posted on Jun, 26 2009 @ 02:55 PM
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Edited to replace rude sounding comments with these non-offensive and awesome smileys..

[edit on 6/26/2009 by Kr0n0s]

(mass smilie edit)

[edit on Sun Jun 28 2009 by Jbird]



posted on Jun, 26 2009 @ 03:09 PM
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reply to post by Kr0n0s
 


Settle down now. I'm only human and I happened to have missed that part that you just quoted. Thank-you and I apologize.



posted on Jun, 26 2009 @ 03:24 PM
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reply to post by octotom
 


Sorry man, i didnt mean to sound rude. That wasnt the way i was thinking as i typed it but i see now that it looks like i was being short with you.
wasnt my intentions though, again sorry.



posted on Jun, 26 2009 @ 03:25 PM
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Originally posted by fraterormus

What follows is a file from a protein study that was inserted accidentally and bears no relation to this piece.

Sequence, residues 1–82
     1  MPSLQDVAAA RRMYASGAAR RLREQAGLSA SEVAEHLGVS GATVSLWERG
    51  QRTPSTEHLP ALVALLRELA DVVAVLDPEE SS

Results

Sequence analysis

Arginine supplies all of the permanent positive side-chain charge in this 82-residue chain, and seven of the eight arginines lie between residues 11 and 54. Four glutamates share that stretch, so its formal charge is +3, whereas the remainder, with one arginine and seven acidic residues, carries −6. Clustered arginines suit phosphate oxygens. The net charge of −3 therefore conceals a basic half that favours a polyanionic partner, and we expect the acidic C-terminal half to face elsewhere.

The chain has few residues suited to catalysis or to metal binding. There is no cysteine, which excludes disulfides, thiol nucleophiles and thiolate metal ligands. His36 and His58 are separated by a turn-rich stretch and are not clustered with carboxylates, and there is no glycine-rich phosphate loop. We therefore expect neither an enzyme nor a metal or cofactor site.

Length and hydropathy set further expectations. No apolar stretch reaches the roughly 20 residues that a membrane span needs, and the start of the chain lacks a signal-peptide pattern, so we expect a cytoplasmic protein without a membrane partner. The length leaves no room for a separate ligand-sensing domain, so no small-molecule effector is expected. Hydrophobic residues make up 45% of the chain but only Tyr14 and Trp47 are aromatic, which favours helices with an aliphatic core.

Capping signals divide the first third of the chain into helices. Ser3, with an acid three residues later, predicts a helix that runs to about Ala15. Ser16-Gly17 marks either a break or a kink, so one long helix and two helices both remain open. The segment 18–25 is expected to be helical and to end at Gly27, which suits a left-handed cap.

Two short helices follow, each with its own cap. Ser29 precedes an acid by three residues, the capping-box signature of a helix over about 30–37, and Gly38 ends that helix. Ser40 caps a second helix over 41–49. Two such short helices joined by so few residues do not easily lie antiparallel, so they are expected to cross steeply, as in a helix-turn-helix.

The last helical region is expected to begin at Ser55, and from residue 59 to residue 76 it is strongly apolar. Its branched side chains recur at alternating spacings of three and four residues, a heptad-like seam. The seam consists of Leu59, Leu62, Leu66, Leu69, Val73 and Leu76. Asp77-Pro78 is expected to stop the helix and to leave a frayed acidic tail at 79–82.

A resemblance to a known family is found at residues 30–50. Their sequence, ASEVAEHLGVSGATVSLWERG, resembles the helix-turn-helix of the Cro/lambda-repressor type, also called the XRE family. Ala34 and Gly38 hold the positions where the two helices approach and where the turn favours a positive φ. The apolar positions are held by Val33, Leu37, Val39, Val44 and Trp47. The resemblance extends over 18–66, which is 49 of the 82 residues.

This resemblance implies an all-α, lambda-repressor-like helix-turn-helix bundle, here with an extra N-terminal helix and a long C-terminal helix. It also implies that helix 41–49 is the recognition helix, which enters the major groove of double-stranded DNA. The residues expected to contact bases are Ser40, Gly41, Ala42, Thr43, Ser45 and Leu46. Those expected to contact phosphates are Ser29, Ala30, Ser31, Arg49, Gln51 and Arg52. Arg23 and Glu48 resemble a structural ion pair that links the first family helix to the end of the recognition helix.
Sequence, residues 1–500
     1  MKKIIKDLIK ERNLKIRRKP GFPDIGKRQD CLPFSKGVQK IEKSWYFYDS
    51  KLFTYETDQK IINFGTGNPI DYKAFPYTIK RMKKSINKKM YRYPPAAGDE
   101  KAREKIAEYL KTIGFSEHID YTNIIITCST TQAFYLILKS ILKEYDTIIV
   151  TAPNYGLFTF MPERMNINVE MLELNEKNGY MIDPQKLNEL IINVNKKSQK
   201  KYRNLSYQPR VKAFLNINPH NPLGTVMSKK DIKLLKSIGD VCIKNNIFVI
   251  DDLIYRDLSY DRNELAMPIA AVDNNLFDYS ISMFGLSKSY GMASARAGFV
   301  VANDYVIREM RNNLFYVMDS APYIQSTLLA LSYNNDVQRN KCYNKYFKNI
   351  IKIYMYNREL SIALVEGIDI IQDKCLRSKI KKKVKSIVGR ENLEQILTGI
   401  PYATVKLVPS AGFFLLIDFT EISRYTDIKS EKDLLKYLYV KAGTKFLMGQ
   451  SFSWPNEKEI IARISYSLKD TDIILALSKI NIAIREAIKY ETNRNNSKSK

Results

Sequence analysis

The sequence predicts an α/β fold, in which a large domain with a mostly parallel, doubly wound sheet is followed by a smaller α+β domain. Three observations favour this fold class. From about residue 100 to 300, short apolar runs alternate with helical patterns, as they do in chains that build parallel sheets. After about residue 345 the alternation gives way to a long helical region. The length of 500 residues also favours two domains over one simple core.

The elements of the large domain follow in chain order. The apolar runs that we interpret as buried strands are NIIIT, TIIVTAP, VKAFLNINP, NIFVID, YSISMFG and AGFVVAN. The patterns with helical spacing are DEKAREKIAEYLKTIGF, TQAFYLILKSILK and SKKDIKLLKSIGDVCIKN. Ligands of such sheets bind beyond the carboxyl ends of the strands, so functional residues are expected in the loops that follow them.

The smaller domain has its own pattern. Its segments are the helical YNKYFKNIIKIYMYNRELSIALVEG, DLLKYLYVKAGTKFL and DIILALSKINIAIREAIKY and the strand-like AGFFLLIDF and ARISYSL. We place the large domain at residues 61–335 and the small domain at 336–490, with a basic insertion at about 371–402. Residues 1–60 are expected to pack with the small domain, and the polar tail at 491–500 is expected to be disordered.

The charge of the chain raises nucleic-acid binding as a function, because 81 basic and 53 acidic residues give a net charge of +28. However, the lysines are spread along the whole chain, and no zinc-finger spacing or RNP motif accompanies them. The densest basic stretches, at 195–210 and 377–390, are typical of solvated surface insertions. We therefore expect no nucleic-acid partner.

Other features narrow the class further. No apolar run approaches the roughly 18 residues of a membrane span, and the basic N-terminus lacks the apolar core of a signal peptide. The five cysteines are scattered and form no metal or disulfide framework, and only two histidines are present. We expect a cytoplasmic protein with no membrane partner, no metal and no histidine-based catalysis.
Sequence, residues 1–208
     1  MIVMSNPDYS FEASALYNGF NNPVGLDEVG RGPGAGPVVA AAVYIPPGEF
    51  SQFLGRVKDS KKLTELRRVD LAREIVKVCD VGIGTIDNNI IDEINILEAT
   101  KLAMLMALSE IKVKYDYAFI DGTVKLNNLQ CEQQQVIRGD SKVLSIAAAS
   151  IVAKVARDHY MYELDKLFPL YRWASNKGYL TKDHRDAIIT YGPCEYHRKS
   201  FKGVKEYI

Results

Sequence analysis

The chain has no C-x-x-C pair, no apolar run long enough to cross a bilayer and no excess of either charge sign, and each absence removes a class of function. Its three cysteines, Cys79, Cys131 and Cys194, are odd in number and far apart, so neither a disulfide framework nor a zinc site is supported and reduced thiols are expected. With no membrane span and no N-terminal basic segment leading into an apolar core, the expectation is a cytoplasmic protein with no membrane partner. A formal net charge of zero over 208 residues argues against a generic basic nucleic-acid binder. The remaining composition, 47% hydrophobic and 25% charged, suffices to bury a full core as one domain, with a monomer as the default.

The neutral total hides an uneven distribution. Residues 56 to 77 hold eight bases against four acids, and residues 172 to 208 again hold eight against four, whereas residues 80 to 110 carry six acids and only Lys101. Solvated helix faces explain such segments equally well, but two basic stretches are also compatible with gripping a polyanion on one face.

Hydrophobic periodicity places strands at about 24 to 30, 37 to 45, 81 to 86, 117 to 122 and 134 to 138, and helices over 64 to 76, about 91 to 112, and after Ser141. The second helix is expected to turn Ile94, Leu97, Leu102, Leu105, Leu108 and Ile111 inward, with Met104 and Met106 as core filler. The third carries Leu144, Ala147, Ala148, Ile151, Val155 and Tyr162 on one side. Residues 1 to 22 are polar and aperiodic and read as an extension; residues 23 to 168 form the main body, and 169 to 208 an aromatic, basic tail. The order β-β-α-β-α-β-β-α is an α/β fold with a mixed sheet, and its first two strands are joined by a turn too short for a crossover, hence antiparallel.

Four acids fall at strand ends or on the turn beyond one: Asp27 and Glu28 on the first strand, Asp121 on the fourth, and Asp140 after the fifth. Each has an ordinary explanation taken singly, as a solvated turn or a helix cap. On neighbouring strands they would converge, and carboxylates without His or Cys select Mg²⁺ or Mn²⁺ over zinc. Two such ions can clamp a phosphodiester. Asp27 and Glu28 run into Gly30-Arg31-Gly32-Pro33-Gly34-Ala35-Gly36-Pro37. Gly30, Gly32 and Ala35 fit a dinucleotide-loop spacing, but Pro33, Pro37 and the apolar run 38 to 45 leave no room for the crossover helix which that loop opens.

Straws can be used for emergency blood transfusions and bic pens can be used for tracheotomies.

Turkey Basters also can be used as a substitute in emergency First-Aid if an EMT Kit is not available.



Ok, I can buy the bic pen tracheotomy...seen it on MASH.
but I really want to see a demo of how I can use a straw for an emergency transfusion....man, no one ever said emergency SHTF medicine was gonna be painless did they?


Whats the turkey baster for? Sit-X artificial insemination? no really...

Thanks for the tips.



posted on Jun, 26 2009 @ 03:27 PM
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Originally posted by octotom
reply to post by Kr0n0s